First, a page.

The charity received hundreds of donations, many for £10 and £20, via a crowd justice campaign ahead of the hearing. Many messages left with the donations were from women who said they had been raped but denied justice. One donor wrote: “Having been through the system myself and being failed on every level I so wish you every success.” Under the anonymous donation of £10, someone simply wrote: “I never got justice.”

The legal challenge also received £10,000 from the family of Jill Saward, the Ealing rape victim who became a leading figure in the fight against sexual violence.

Harriet Wistrich, director of the Centre for Women’s Justice, who supported the claim, said: “We are deeply, deeply disappointed that [the judges] didn’t see there was a basis on which the case arguable.

“We feel they were just not prepared to grapple with all the detail and ultimately they saw it as a factual dispute. The court was not prepared to get involved.”

Wistrich said they were considering appealing against the ruling at the court of appeal. “We don’t see this as a loss because we think we won in the court of public opinion.”

On the heavy costs of £41,000 imposed on the claimants, she added: “ It’s astounding that the CPS have pushed for as much in costs against a small women’s charity.”

NEWS FLASH: Victory after living for 17 years in limbo!

Ms O from Cote D’Ivoire – announces today 3 March 2020 that she has finally won refugee status.

Speaking at today’s self-help session (which BWRAP helps coordinate) Ms O described how the immigration judge at her appeal hearing intervened to stop the Home Office barrister from putting intrusive and upsetting questions to her about her experiences.

One of the French-speaking sisters in the session translated for her – “I hardly knew what was happening in the hearing because when the Home Office started interrogating me I broke down with my hands in my head. The judge was so angry and told them to stop. Last week I got a call from my barrister who confirmed I can finally stay here – I’m so happy after living so many years destitute and suffering terrible things here in the UK too. I thank everyone for their support over all these years“.

Ms O’s victory is the latest in a series of fantastic successes at Appeal by women using our collective self-help support overturning racist and sexist decisions in the Home Office’s hostile environment.

Come to the Crossroads Women’s Centre International Women’s Day event to find out more about our work and how you can get involved. . .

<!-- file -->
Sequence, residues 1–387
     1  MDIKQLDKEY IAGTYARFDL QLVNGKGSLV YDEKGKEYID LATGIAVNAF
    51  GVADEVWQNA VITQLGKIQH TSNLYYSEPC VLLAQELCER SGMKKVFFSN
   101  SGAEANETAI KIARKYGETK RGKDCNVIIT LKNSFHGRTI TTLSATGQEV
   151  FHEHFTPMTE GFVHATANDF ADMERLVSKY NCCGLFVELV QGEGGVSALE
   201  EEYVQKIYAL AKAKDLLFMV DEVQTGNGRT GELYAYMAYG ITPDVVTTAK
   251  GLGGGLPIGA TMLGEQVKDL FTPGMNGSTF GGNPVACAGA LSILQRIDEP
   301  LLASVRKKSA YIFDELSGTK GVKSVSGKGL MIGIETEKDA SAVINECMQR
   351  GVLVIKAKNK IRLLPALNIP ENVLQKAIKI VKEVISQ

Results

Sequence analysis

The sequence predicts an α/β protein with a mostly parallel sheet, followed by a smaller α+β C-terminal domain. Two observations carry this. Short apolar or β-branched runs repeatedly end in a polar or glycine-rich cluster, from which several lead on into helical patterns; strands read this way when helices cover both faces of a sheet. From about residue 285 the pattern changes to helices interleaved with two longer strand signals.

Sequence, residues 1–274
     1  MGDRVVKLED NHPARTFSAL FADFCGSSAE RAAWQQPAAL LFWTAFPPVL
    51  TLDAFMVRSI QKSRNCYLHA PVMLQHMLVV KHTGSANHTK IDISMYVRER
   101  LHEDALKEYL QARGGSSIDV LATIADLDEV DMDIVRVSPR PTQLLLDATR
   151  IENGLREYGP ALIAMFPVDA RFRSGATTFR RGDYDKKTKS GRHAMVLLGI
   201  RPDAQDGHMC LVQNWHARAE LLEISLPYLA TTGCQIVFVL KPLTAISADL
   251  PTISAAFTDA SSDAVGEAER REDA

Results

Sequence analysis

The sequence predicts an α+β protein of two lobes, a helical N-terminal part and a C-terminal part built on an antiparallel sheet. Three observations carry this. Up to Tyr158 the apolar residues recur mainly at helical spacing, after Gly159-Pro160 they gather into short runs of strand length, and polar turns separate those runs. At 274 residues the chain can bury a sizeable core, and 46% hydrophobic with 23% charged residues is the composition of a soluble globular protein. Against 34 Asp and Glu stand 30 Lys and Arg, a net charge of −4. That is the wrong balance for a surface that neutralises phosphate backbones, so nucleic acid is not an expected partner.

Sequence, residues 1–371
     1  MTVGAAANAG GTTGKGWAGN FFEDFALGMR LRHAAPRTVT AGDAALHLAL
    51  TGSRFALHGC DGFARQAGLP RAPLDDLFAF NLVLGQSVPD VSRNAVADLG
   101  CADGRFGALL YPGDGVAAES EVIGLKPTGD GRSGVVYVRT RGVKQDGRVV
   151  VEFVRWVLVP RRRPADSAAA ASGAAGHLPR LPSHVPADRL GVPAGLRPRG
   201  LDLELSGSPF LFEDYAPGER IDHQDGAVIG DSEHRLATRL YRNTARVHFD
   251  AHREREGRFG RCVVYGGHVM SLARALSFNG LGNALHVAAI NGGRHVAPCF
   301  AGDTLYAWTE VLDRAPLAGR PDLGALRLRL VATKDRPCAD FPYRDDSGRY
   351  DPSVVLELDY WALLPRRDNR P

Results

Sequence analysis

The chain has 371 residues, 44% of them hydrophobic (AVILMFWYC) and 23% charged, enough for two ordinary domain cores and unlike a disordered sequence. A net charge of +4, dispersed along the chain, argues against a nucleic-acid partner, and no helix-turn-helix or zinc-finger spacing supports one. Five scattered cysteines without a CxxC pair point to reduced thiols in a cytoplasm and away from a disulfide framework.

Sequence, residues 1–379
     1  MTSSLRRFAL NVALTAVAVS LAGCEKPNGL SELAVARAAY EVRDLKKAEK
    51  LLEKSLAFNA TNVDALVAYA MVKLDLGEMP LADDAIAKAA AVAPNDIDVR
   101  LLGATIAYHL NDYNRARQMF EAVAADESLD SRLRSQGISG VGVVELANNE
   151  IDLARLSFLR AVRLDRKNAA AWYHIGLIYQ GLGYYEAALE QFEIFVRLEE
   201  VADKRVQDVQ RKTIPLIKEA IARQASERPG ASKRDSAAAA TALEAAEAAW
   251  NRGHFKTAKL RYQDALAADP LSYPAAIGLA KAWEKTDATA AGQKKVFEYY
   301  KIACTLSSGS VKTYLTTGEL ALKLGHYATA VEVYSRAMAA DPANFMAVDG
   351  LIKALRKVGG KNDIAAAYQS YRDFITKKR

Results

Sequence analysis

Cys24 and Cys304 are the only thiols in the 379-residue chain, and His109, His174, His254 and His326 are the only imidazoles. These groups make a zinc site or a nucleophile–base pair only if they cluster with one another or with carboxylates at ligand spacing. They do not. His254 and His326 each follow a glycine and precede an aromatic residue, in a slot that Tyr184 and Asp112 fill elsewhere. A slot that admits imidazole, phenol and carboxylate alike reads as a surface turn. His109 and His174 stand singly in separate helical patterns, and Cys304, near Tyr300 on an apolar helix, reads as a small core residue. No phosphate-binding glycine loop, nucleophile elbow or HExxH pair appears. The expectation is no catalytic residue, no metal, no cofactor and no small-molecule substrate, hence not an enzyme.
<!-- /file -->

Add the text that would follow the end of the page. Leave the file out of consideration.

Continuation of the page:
International Women’s Day @ Crossroads Women’s Centre

Join us in the afternoon at the Crossroads Women’s Centre – let’s talk about campaigns for justice, compensation, asylum . . .

IWD 8M: OPEN DAY with the Global Women’s Strike (GWS) and other organisations at the Crossroads Women’s Centre All welcome

Programme 12-6pm


12-12.30 Welcome and exhibition Honouring Women

12.30-12.50 Film: Poverty is not neglect – protect the bond between mother and child + open mic with Support not Separation

12.50-1.10 Film: Women of Colour North and South + open mic with Women of Colour in the Global Women’s Strike (GWS)

1.10-1.30 Film: End detention, destitution, deportation + open mic with All African Women’s Group, Black Women’s Rape Action Project and Global Women Against Deportation

1.30-2 Break and refreshments

2-2.40 Film: All Work and No Pay (1976) + open mic with the Wages for Housework Campaign/GWS

2.40-3 Film: Breastfeeding & a care income – for health & climate justice (2019) + open mic with the Milk of Human Kindness

3-3.30 Break and refreshments

3.30-3.50 Film: Disability is hard work – an independent income is our right + open mic with WinVisible

3.50-4.10 Film: Survival sex is not a crime + open mic with English Collective of Prostitutes and International Prostitutes Collective

4.10-4.30 Film: Prosecute rapists not rape survivors + open mic with Women Against Rape

4.30-4.45 Break and refreshments

4.45-5.05 Film: Opposing occupation, weapons and war + open mic with Payday men’s network and Queer Strike

5.05-5.45 Palestinian women speak for themselves + open mic with WoC GWS and Payday

5.45-6 Film: Striking women around the globe + open mic with GWS and WoC GWS